Since the Supreme Court made its fateful 2010 decision in the Citizens United case, most Americans have come to agree with the cynical statement that “corporations aren’t people.” And most Americans – except that tiny fraction who wield all the power – would approve of a constitutional amendment to make it tougher to buy a congressman.
It’s far easier to buy a politician than it is to amend the U.S. Constitution, and for good reason. While the founding fathers intended it to be a living document that could respond to new circumstances as they arose, these men also realized they couldn’t possibly conceive of every scenario that might need shelter under its protective umbrella. Men like Benjamin Franklin and Thomas Jefferson, wealthy as they were for the time, probably didn’t envision the scope of influence huge corporations would have on politics, and how detrimental that would be to the public.
With its Citizens United ruling, the high court declared labor unions and corporations are protected, by the First Amendment, from government limits on political expenditures. This effectively rolled back elements of the McCain-Feingold Act, the campaign finance reform law that limited campaign contributions. McCain-Feingold was widely popular on both the left and the right, since for most Americans, the notion that unbridled spending corrupts is a no-brainer.
Although Citizens United insisted it wanted to “restore citizen control” over government and promote free enterprise, the average Joe citizen wound up getting crushed under the wheels of Big Business. Corporations began dumping untold millions into the campaigns of malleable candidates for Congress, with the expectation of results – and the investment has paid off.
If you need evidence, look no further than the so-called “Monsanto Protection Act,” quietly passed earlier this month to give this corporation carte blanche in the genetically modified foods arena. This rider did nothing for consumers except force them to buy products that may ultimately harm them, but it essentially guaranteed Monsanto’s bottom line – at least, for the time being. With enough pressure, that could change.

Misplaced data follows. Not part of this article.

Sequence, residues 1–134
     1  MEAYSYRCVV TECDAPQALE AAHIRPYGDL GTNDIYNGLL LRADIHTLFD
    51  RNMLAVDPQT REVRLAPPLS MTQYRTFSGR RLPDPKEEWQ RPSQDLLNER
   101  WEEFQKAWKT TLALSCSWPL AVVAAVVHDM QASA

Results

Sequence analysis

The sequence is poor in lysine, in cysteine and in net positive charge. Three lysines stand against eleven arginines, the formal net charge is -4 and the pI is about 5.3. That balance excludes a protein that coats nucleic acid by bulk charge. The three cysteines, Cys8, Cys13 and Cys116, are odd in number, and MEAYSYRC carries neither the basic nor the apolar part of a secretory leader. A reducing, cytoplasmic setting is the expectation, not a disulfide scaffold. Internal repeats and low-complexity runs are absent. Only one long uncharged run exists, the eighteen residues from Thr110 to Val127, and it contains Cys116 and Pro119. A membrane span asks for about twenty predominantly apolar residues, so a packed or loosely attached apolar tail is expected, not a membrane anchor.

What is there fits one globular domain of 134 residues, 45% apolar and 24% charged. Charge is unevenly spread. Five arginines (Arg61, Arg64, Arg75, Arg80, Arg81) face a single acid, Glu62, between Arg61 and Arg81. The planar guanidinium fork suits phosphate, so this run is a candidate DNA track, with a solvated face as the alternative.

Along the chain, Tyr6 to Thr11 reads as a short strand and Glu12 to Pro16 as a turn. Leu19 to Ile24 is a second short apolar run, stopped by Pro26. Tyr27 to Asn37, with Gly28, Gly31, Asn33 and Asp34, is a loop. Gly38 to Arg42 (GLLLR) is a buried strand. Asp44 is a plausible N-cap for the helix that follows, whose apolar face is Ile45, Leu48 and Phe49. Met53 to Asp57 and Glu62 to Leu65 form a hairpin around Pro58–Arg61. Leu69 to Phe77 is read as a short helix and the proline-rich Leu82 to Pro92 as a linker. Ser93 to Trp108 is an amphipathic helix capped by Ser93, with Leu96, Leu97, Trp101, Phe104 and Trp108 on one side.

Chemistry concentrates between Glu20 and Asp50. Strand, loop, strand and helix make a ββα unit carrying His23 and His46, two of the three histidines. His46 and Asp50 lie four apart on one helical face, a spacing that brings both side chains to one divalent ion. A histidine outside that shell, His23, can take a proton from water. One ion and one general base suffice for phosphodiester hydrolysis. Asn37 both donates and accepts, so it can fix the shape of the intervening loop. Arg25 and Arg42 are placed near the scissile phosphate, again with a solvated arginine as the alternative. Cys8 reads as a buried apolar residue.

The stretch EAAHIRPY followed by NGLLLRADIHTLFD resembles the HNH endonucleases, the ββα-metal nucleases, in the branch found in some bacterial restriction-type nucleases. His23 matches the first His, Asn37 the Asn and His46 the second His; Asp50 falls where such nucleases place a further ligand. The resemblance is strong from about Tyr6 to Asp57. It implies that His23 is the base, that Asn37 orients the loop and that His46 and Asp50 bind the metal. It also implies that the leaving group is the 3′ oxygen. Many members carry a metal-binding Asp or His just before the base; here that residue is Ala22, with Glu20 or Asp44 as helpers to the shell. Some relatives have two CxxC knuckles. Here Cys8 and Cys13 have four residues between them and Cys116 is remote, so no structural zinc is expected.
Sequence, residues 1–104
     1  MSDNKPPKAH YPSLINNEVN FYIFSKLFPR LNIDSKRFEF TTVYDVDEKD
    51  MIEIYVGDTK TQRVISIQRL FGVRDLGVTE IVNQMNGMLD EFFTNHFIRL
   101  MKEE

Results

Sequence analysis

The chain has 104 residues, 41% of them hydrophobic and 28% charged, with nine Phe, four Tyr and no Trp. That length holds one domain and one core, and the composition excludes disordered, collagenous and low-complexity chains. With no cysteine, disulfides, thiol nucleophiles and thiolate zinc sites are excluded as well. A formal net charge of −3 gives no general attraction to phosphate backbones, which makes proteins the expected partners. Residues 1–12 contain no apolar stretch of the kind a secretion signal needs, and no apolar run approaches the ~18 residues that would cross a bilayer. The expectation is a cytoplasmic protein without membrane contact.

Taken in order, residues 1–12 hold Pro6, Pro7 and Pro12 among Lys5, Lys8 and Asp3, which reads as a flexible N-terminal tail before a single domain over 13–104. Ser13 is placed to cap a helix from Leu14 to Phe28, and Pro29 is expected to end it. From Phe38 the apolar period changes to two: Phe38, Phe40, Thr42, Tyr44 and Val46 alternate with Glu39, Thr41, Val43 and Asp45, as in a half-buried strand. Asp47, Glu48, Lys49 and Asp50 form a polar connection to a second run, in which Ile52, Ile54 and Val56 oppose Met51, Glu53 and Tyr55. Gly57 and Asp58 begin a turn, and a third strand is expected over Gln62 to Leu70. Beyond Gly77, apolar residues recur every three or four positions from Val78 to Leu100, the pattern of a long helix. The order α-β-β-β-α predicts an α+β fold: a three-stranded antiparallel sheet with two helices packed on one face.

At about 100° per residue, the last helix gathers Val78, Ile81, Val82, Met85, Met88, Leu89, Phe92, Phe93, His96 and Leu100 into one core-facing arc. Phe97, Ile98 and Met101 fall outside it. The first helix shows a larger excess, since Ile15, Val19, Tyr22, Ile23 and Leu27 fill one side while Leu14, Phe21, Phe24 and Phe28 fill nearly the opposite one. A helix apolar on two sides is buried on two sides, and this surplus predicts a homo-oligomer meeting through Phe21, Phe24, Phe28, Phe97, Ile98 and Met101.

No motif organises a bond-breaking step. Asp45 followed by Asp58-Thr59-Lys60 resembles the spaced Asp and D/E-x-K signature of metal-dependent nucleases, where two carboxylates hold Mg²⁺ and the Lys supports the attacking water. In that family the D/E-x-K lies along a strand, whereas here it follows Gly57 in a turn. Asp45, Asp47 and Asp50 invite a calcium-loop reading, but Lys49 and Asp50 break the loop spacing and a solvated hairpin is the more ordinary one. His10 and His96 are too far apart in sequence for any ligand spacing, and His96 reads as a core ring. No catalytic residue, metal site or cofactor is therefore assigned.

And it needs to. The ruling has brought forth dozens of shadowy groups, with nebulous connections and membership, who don’t have to release donor lists for public scrutiny – and all donating money to politicians to advance their own private goals. Most of the money has been spent on attack ads against candidates, and many of the messages border on libelous. Unfortunately, the public often buys into the lies, and votes accordingly.
A countermeasure might be found in the forthcoming American Anti-Corruption Act, which assumes all elected officials are corrupt unless they acknowledge support for the bill. More than 350,000 have given their blessing of online signatures. Proponents range from Tea Party Patriots to members of the Occupy Movement.
Among other things, the AACA would prohibit Congress from raising money from special interests they regulate; limit contributions from lobbyists and related individuals to $500; ban former members of Congress temporarily from becoming lobbyists; prohibit collaboration between individual candidates’ campaigns and super-PACS; force monthly disclosure by members of Congress about time spent on fundraising; and offer tax rebates for those who agree to contribution limits.
Organizers are ambitious in their desire to turn AACA into a constitutional amendment. They’ll need the approval of two-thirds of both houses of Congress, which is unlikely, since few folks who are corrupt will acquiesce to efforts to rein them in. A more likely alternative would be to convince two-thirds of state legislatures to call constitutional conventions. Then, three-fourths of all the legislatures would have to ratify, or hold individual conventions.
A tall order? Perhaps, but someone’s got to try, unless we want a handful of CEOs to make all our decisions for us. One thing’s for sure, for those of us who have read the writings of the founding fathers: Whatever those men had in mind with their cherished First Amendment, this wasn’t it.
If you’d like to get involved, go to anti corruptionact.org on the Internet.